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Writing: Case Study Of A Self-published Photographic Memoir

Writing: Case Study of a Self-published Photographic Memoir

headshot of Sally with book and computer

Sally Hedges Greenwood, ARPS

As the latest in our occasional series of writing and self-publishing memoirs, Sally Hedges Greenwood ARPS shares her specialist experience of creating one driven by its photographic content, as part of a planned series of photographic books.


Making Connections With Photography®

I am a photographer.

It took me four decades to finally commit those words to paper and another 2 to add ‘– a survivor of child abuse.’ I have lived a life with photography that was previously overshadowed by the abusive events of my childhood.

In 2004, when I was in my early 40s, I started to separate out the jumble. In 2014, I published a limited edition tome of over 400 pages, including 1,300 photographs, which had taken eight years to write and put together. Entitled With Photography – not just an autobiography,  the last word I added, having deliberated about it for some time, before I uploaded the .pdf files to the publisher was on the title page: ‘UNABRIDGED’. I realised there was more work to be done.

Photo of her book open to show interior

With Photography – not just an autobiography – self-published as a limited edition hardback and also in paperback

My ‘photobiography’, Making Connections With Photography®, was published two years later. It reveals the connections that I have made between my family history and my life with photography. The photographs that I took at the various stages chart my story as I survived, grew up and eventually moved away from the effects of a prolonged abusive situation that started when I was just nine years old.  Each stage of my development includes its visual metaphors, as I came to call the type of photographs that I took at each particular moment.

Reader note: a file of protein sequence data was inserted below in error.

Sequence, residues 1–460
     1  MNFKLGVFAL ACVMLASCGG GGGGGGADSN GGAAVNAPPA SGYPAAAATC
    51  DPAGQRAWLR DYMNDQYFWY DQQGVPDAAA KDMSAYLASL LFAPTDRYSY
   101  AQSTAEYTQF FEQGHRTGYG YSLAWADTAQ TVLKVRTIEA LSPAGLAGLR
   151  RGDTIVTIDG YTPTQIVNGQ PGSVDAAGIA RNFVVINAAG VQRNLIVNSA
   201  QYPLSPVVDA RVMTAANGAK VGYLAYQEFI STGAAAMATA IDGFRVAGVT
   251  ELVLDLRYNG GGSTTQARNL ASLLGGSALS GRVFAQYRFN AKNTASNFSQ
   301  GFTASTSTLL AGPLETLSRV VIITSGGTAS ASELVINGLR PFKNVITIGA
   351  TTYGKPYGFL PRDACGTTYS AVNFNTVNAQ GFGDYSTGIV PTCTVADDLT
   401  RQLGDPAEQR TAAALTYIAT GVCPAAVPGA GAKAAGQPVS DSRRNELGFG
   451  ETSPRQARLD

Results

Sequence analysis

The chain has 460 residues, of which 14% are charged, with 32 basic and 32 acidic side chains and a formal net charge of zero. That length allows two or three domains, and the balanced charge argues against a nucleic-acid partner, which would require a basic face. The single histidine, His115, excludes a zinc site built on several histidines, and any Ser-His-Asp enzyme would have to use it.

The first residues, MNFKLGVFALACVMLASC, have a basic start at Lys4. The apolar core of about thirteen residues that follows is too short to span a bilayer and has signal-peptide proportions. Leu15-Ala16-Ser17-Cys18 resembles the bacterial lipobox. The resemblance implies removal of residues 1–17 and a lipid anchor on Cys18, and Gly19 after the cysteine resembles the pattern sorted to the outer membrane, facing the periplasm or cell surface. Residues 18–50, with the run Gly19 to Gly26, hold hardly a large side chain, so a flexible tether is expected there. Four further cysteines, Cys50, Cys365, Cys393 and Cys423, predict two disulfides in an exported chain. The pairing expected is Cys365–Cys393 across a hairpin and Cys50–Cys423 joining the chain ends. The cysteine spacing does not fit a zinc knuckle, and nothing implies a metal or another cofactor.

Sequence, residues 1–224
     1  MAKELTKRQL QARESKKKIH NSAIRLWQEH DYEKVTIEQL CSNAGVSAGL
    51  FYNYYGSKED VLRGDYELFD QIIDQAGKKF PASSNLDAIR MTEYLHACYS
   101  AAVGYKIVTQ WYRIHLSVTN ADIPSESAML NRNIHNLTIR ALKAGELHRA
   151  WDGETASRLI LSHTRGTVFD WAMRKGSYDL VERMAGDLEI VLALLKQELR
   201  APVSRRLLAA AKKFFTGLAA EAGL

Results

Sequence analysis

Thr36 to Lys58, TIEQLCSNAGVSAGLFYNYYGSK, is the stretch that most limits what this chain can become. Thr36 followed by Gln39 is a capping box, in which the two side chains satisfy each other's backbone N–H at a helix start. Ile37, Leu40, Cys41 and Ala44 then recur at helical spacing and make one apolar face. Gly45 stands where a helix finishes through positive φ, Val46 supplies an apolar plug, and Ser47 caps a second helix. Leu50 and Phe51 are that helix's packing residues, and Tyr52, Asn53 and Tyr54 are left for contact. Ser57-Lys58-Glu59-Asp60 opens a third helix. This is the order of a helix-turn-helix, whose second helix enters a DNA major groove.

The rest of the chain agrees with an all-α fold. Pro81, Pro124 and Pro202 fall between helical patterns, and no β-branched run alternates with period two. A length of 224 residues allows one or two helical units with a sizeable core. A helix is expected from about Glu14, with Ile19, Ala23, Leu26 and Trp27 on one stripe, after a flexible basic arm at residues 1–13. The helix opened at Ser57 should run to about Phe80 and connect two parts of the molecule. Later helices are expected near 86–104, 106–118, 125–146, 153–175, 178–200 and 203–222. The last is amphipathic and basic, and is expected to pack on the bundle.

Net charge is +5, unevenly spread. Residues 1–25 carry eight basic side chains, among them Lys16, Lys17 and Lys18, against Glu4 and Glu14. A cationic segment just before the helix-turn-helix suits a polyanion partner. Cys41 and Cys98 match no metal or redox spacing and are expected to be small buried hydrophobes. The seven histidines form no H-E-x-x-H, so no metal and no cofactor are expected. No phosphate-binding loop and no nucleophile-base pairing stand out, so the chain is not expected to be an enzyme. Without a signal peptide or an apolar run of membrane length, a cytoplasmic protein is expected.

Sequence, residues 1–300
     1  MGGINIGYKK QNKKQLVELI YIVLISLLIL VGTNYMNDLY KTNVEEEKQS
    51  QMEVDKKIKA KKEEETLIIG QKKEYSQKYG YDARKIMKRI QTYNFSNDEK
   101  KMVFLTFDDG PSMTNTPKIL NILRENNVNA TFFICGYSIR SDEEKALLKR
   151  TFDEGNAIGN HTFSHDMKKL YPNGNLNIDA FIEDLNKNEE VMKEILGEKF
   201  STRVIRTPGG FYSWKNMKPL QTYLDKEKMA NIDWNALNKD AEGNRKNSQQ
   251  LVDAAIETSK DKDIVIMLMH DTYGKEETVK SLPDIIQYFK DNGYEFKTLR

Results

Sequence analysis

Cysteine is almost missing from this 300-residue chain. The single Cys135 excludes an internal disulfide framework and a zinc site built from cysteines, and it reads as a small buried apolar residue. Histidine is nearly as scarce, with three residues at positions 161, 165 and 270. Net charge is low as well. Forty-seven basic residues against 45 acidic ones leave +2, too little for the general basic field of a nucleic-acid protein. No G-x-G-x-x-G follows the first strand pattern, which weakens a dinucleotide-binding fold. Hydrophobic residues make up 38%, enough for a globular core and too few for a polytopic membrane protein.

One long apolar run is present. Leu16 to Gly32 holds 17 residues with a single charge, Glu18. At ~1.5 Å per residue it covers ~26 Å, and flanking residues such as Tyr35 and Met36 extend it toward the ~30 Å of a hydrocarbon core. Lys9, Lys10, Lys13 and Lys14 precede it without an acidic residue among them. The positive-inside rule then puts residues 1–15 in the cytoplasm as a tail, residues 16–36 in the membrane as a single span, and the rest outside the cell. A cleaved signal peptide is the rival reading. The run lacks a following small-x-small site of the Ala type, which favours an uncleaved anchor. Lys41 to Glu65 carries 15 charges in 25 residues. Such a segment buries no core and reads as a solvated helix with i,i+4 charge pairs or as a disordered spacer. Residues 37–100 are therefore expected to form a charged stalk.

In Making Connections With Photography® I reveal the photographs with their associations that were too raw and complex to explain or even understand, until now.

Baby picture of the author

I first learnt of my heritage and family history from family photographs kept in an old brown cardboard box our mother would delve into when she needed to distract my sister and I when we were unwell. Our minds were whisked away from our sore tummies – and the accompanying kaolin and morphine – as we marvelled and laughed at the stories we were told. This was my introduction to photography and also, subliminally, to the use of the medium as ‘therapy’, not only for me; I came to realise that my mother had used these photographs as a coping strategy of her own.

Family group photo

The eldest child, in this family grouping of my ancestors, is Great Aunt Nell who became the adventurous woman below – the first British woman to fly over the Swiss Alps, or so the family legend has it!

photo of woman in flying suit

I’d grown up as a privileged but vulnerable child of parents who were still coping with the after-effects of the Second World War and the recent death of my grandmother. They were totally unprepared for the present, but my mother’s body clock was ticking. She was 38 when I was born in 1957.

The farmhouse that we lived in with my grandfather was huge, scary and very dark! So dark that an upside-down image could clearly be seen on the wall of an internal passageway when the morning sun was shining, I stopped dead in my tracks the moment I saw what I now know was a real camera obscura projected through the keyhole of the dining room door. I was onlyfive years old. I ran into the kitchen and enthusiastically tugged Gramps’ arm to come and see. Years later, when I had the ability and equipment to do so, I photographed it.